As Modi visits, call for greater trans-Himalayan connectivity
A former minister of Nepal has called for greater land connectivity between China, India and Nepal to raise to a new height regional cooperation between the neighbouring countries as Prime Minister Narendra Modi visits Kathmandu Sunday.
"Regional cooperation presupposes land connectivity in order to benefit from the economics of geography," former finance minister Madhukar S.J.B. Rana said in an interview with Xinhua.
According to data, the share of regional trade by and between South Asian nations hovers around only five percent of their total trade.
"This is a sad reality, which can only be improved upon with land connectivity supplemented by trade facilitation measures boosting beyond border actions for the carriage and storage of exports and imports," Rana said.
The last decade has seen a number of policy initiatives and resultant infrastructure projects targeted towards increasing land connectivity at bilateral, trilateral and sub-regional levels.
In June, the South Asian Institute of Management (SAIM), hosted an interaction programme, drawing attention to the revival of the South-Western Silk Road and the potential for trilateral cooperation between China, India and Nepal.
Although sea transport is expected to be the dominant form of connectivity for the foreseeable future, land connectivity is also escalating in importance for several security and political reasons, Rana noted.
In a perception survey of Asian opinion leaders, consisting of a sample of 390 respondents, 72 percent of the total respondents agreed that the region should revive the old South-Western Silk Road and 71 percent thought that trilateral cooperation between India-Nepal-China should be promoted.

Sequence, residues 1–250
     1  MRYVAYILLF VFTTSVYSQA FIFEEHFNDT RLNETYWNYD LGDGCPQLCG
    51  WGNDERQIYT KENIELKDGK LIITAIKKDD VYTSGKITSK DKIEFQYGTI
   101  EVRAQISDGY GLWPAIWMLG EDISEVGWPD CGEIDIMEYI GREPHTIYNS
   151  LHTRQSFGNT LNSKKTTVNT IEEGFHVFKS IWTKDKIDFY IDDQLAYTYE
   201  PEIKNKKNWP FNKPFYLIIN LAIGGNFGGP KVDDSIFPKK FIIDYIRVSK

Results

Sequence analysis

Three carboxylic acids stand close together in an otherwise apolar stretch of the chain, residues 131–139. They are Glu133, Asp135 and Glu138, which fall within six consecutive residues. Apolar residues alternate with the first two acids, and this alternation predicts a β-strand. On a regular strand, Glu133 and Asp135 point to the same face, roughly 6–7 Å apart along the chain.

The idea, said Rana, is not to just simply establish "transport" corridors but "economic corridors". Economic corridors are broader in scope and entail physical planning of not just the corridor but the surrounding areas as well to attract businesses, special economic and industrial zones.
"The purpose of economic corridors is to integrate the economies subregionally by creating growth triangles, quadrangles and so forth between two or more nations," Rana said.
In terms of challenges, experts believe that economic and security concerns require deliberation as trans-border forces can play a significant role in damaging political unity and in threatening the peace and stability within the state.
Power equations and deficit of trust among shareholders remain significant factors acting as impediments to greater trans-Himalayan connectivity.
The Indian prime minister will be in Nepal Aug 3-4. Modi's trip will be the first bilateral visit by an Indian prime minister to Nepal in 17 years, after I.K. Gujral had travelled there in June 1997.
(Posted on 03-08-2014)
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